incipient decay--The wood is eroded by fungal growth and its chemical composition changes slightly (usually before drying), shows slight changes in hardness and discoloration, resulting in changes in wood properties

dog holes--Holes caused by hooks and mining workers’ tools during wood shipment

split, end split--The fibers are separated along the direction of the wood grain, usually starting from one end and passing through the thickness of the early board

Processing defects

openjoint--The splicing between two adjacent veneers in the same layer is not tight

coregap--Plywood core board or the release seam in the core board

centres gap--Cracks in the plywood long middle board

overlap--Two layer veneers (or two parts of a cracked veneer) in the same layer of veneer overlap each other

blister--Partial separation caused by failure of gluing between adjacent layers of veneer

delamination--Separation of two adjacent layers of veneer due to lack of glue or poor bonding

hollow--Local depression on the board

imprint--Local dents on the panel

bump hump--Partially thick that appears on the board

lathe check cutting check--Small cracks that can be seen when the board is configured facing out

torn grain--The plywood surface is rough due to fiber tearing

roughness--The roughness of the plywood surface

sandlng through--Due to excessive sanding of the surface plate, the glue layer or the next layer of veneer is exposed in the partly worn area

glue penetration--Adhesive seeps out of the surface board and contaminates the board surface

inclusion of gummed tape--The inside of the plywood contains adhesive tape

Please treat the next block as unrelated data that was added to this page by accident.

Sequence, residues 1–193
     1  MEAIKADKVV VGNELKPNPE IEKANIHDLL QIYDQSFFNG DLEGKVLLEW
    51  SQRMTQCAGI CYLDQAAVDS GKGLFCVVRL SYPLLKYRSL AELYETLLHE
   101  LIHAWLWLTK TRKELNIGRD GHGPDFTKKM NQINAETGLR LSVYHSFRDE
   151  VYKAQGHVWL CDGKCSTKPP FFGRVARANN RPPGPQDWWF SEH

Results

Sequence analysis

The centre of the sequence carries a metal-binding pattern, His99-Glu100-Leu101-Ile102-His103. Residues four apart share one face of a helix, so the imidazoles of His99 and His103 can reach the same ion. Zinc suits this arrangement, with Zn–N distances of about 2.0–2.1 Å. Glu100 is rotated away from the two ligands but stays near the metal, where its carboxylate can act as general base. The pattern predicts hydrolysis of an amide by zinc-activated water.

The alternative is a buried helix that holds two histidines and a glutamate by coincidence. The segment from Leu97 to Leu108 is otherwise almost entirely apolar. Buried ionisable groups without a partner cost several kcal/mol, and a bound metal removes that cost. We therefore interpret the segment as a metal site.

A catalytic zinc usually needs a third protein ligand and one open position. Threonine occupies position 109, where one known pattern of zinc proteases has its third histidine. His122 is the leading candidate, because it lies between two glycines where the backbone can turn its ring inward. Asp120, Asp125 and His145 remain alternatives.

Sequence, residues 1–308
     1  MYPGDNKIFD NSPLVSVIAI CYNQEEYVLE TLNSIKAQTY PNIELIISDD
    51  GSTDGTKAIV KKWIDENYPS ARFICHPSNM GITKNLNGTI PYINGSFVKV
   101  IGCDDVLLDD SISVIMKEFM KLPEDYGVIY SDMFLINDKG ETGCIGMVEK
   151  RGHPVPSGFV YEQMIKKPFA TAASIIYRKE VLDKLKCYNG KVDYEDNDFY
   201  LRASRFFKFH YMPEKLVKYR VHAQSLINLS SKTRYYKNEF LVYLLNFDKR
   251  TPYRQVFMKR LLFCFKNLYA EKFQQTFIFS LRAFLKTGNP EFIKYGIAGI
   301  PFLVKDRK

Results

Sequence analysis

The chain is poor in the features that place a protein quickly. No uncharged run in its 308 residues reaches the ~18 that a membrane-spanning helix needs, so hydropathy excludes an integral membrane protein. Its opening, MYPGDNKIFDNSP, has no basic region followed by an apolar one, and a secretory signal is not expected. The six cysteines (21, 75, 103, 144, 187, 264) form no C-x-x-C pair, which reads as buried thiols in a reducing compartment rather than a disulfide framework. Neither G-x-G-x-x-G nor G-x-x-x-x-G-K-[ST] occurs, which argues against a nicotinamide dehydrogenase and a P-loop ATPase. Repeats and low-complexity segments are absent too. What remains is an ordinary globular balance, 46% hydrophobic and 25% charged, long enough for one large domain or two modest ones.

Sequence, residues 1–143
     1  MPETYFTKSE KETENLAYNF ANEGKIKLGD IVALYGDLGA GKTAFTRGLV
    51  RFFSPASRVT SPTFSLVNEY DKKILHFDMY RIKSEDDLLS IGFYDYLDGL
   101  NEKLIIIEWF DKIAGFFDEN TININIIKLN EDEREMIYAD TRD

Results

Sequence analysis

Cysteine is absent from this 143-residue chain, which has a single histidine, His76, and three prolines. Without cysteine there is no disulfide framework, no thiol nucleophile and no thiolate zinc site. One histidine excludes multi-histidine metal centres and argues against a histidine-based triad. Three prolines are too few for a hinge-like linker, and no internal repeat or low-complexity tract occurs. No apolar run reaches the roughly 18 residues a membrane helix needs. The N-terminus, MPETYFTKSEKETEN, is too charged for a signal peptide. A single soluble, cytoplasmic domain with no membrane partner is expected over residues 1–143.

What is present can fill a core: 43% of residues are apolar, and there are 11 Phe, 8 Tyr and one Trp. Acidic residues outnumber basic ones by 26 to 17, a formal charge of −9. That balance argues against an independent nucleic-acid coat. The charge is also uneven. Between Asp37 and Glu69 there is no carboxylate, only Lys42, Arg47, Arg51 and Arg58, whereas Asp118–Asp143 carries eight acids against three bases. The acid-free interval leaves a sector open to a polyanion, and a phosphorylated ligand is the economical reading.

metallic inclusions--Plywood contains metal objects such as U nails

defects at the eddges of the panel--Edge defects caused by sanding, sawing or collision

warping--Generally regular deformation, part or all of the surface of the corrugated plate is curved


repaired plywood--Plywood whose defects have been repaired with fillers or veneer patches

filling--Fill defects such as holes and gaps with fillers

insert--Use good veneers of various shapes to embed the defect parts that have been excavated in advance

patck plug--Geometric veneer for digging and patching

shim--Narrow and long veneers for repair

Surface condition (unfinished)

sanded plywood--Plywood whose surface has been sanded by a sander

scraped plywood--Plywood whose surface has been scraped by a scraper

Further processing

Processing with facing method

prefinished plywood--prefinished plywood suppliers near me produce products that has been specially processed by the manufacturer and does not need to be modified during use

overlaid plywood; faced plywood--The surface is covered with decorative veneer, wood grain paper, impregnated paper, plastic, tree.

treated plywood--Plywood treated with chemicals during or after manufacturing

preservative treated plywood--To improve extreme durability, plywood treated with fungicides or insecticides

flame retardant plywood--In order to retard the spread of flame, plastic platen treated with flame retardant

resin treated plywood--Plywood treated with resin by impregnation or other methods

direct print plywood--Printed directly on the surface of plywood with imitation wood grain or other patterns

embossed plywood--Embossing a color pattern on the surface of the plywood


transformed plywood--Plywood processed by mechanical finishing or gluing, such as cutting, profiling saw, inserting, drilling, milling, etc.

cutved plywood--Plywood that has been bent once or several times